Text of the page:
Leithart's future/end of Protestantism III: the place of liturgy...

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Paragraph One; "The Future-End of Protestantism":

Protestants often act as if the Reformation were the end of history, the moment when the Church reached its final condition. For these sorts of Protestants, the future of Protestantism can only be more of the same. This cannot be. God is the living Creator, still at work in his world, and that means that the Protestantism of the future will be something new, and, given the pattern of God's creativity, something better.

Although this is the third installment of our examination of Dr. Peter Leithart's call for the end of Protestantism and we've discussed his first paragraph before, there's more to say. Look at the third, fourth, and fifth words of his piece. Dr. Leithart pitches his narrative of change to those Protestants who only "act as if" the "future of Protestantism will be more of the same." He doesn't address their thoughts or convictions.

This wording could be a function of Dr. Leithart's graciousness. He's merely acknowledging that a proposition which ought to be rejected out of hand by any thoughtful man might still be able to worm its way into that man's habits until he acts as if the proposition were true. Yet I'm guessing something deeper is at work.

Postmodernism is committed to guarding the chasm it has constructed between beliefs and actions, convictions and practices. A close reading of Dr. Leithart indicates that he's less interested in changing Protestants' thoughts and doctrine than their actions and liturgies. Thus Leithart's gentle prodding of simple creatures of habit right at the beginning of his piece. To nominal Protestants caught up in acting as if the Reformation matters as much today as it did five centuries ago, Dr. Leithart issues his invitation...

There's more to see! Hop on, and off we go down the path of God's "pattern of creativity" towards "something better." Leave all the old Reformational fuddy-duddies to their doctrines. Surely you don't actually agree with them, do you? You're only "acting as if" you agree with them. So stop it! We don't need any more of the same narrow-minded tribalism. God is the God of change—the God of improvement. Off we go to "something better."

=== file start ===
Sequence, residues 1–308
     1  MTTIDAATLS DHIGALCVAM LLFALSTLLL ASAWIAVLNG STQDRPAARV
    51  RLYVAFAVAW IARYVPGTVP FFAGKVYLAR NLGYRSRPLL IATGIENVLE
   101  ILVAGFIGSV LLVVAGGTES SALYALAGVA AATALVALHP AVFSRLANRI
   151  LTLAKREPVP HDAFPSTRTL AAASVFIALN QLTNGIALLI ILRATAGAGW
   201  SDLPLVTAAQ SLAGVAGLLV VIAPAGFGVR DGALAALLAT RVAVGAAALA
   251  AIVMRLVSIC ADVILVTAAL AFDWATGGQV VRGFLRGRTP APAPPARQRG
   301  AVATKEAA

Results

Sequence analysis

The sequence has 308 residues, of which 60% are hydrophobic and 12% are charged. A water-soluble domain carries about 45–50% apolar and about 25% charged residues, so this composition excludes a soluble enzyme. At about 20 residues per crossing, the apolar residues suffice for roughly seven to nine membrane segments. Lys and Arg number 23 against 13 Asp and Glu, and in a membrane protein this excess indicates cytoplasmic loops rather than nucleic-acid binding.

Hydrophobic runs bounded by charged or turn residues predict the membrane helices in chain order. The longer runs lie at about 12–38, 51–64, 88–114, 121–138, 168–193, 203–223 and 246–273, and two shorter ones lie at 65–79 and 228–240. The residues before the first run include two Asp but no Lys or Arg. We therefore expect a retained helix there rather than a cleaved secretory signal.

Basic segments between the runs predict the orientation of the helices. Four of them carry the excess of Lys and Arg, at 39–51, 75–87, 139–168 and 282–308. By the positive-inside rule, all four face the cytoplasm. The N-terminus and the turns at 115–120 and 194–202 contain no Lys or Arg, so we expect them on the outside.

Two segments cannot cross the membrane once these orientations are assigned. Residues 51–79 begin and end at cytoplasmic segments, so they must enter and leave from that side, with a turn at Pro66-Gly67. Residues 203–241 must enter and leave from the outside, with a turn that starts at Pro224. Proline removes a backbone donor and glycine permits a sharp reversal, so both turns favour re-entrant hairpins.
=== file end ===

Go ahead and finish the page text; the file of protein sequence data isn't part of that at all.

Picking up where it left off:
Here at the beginning, Dr. Leithart indicates he isn't interested in wasting time addressing Reformational principles, convictions, and doctrines. It takes too long. Note how little was accomplished arguing over doctrine during the Federal Vision debacle of the past decade. Let's stop wasting time systematizing our doctrine. Life is short and there's a better way. Let's move on to actions. To sacraments and liturgy. If you can get people to do the same thing in worship, who cares about their doctrinal commitments? As time goes by, the liturgy will do its job and we'll have ecumenical unity without squandering energy and years on doctrinal deliberations, synods, and presbytery trials.

Despite the stunning diversity of Liverpool football fans from every walk of life, every educational institution (and none), and every social class, when their boys take the pitch, the song is unison and the world is one:

Liverpool, Liverpool,
Liverpool, Liverpool,
Liverpool, Liverpool,
Liverpool, Liverpool,
Liverpool, Liverpool,
Liverpool, Liverpool...

What is the center of Leithart's plan for the reunification of reformed Protestants and unreformed Roman Catholics and Eastern Orthodox? It's the Church Visible's uniting sacraments and liturgies. Later in his piece Leithart writes:

Paragraph Ten; "The Future-End of Protestantism":

Now... there are signs that reconciliation is possible. For a century already, the ecumenical and liturgical movements have been chipping away at the old divisions in dogma and ritual. With regard to the proper role of ritual and ecumenical passion, I have often thought it my vocation to play a role in dragging conservative American Protestants, kicking and screaming, into the twentieth century....

As I've been trying to point out elsewhere, liturgy matters—a whole lot. So then, here's a modest proposal for those who remain committed to Reformed doctrine and worship:

Because this is not what we think and believe and confess, let's not give in to Dr. Leithart's pressure to get us to act as if the Reformers' reform of worship is old and in the way. Let's not act as if it's merely one more piece of detritus hanging around from the glory days of Reformed Protestant tribalism. Let's not abandon the Word-centered simplicity of New Testament worship reclaimed by our Reformed fathers, trading it in for the delicate, elegant, refined, exquisite, elaborate complexity of those liturgies Peter Leithart wants to use to unite Protestants with Roman Catholics and Eastern Orthodox. There's a reason the idolatries of the Mass and icons remain at the center of Roman Catholic and Eastern Orthodox worship.

We have no need to deny Dr. Leithart his pursuit of the millenium so long as he doesn't require everyone else pursuing the millenium to sign on to his means and methods. And if he tells us simplicity is synonymous with crude, hackneyed, and superficial, we'll LOL and tell him to go home and listen to Rostropovich's recordings of Bach's Cello Suites or Gould humming along with the Goldberg Variations.

He might also read through Calvin's liturgy for the Lord's Supper.

Meanwhile, we are content to continue to worship in the New Testament Apostolic simplicity that is the dwelling place of those committed to worshipping God in spirit and in truth. As Leithart puts it, we are just "that sort of Protestant."

Tim Bayly

Tim serves Clearnote Church, Bloomington, Indiana. He and Mary Lee have five children and big lots of grandchildren.

Want to get in touch? Send Tim an email!